The world's news networks rolled out year-old footage on Monday of a bedraggled and grubby Saddam being examined by a US army medic shortly after being dug out of a hole by US forces.

But in the United States, the sense of confidence those images intially inspired was in short supply.

Anti-US violence and the troubled preparations for elections still scheduled for 30 January now dominate US headlines rather than Saddam and moves to bring him to trial.

About 1300 American troops have died in Iraq since the March 2003 invasion, more than 1000 in combat.

Seven more US troops were killed in combat in Iraq on Sunday, the military announced, and seven Iraqis died in a car bombing in Baghdad on Monday - the latest evidence that the job in Iraq is far from over.

A US magazine reported on Sunday that Saddam planned the anti-US campaign well before his capture on 13 December last year.

War crimes charges

US News and World Report quoted military intelligence as saying that in late 2002 Saddam sent more than 1000 security and intelligence officials to two military facilities near Baghdad for special training.

Americans also had rare word of their former nemesis in reports that he had launched a hunger strike to protest his detention, a development firmly denied by the US military.

Since the 2003 invasion Iraq has
been convulsed by daily violence

Saddam faces charges of war crimes and crimes against humanity.

He is accused in particular of illegally invading Kuwait, and of massacring thousands of Iraqi Shias and Kurds in the late 1980s and early 1990s.

Saddam is expected to deny the charges, and his legal team has repeatedly accused the United States of denying them access to their client.

The 67-year-old former president is being held in US custody in a secret location in Iraq and has reportedly received recent treatment for an enlarged prostate gland, hernia problems and eye trouble.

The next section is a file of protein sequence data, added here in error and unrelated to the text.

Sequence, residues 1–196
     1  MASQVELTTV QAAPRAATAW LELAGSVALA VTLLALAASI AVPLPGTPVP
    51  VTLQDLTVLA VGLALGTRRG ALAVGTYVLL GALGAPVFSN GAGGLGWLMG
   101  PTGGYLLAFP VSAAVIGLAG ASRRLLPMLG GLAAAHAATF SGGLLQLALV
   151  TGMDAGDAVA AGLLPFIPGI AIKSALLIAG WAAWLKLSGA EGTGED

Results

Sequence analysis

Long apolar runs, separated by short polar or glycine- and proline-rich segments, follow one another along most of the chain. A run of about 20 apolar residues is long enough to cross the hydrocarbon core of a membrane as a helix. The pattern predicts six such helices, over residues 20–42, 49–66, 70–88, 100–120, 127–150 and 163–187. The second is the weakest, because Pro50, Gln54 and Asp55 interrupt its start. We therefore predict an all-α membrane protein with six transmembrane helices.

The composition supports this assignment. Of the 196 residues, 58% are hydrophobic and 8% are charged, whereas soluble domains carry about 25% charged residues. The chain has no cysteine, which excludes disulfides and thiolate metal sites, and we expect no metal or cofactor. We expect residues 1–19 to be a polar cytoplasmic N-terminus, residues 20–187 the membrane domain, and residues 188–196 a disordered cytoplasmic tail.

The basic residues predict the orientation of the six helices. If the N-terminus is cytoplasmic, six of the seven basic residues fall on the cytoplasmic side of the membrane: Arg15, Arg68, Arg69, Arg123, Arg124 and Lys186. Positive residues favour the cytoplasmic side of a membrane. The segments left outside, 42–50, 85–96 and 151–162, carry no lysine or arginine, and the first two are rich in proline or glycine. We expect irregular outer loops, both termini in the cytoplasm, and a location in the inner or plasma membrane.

A year ago, Bush said his capture had been essential for the emergence of a free Iraq. He called upon Iraqis to reject violence and come together build a new Iraq.

Iraq reconstruction

Detaining the ousted Iraqi leader boosted the stock market and the dollar, and the price of oil fell.

Opinion poll support for the Iraq war rose and the US public also showed itself more confident that Usama bin Ladin would be caught.

A year later, the US death toll in Iraq increases every day.

Charges against Saddam

- Ethnic cleansing of Kurds
in 1988

- Gassing Kurds in Halabja in 1988

- Invasion of Kuwait in 1990

- Crushing of Kurd and Shia rebellions after 1991 Gulf War

- Killing political activists over 30 years

- Massacre of members of the Barzani tribe in 1983

- Killing of religious leaders in 1974

Thousands of Iraqis have also lost their lives in that time in countless rocket attacks, bombs and the killing of individuals

The United States has ordered an increase of 12,000 in the number of troops in Iraq - taking the total to about 150,000 - before the elections.

The Bush administration has also had to admit that the violence has held up the reconstruction of Iraq.

The US army has begun more than 1000 reconstruction projects in Iraq but dire security threatens their completion, the US officer in charge of rebuilding the war-torn country said on Thursday.

"Security and reconstruction go hand in hand," said US army engineer corps commander Brigadier General Thomas Bostik, who still emphasised the importance of the projects to bringing stability to Iraq.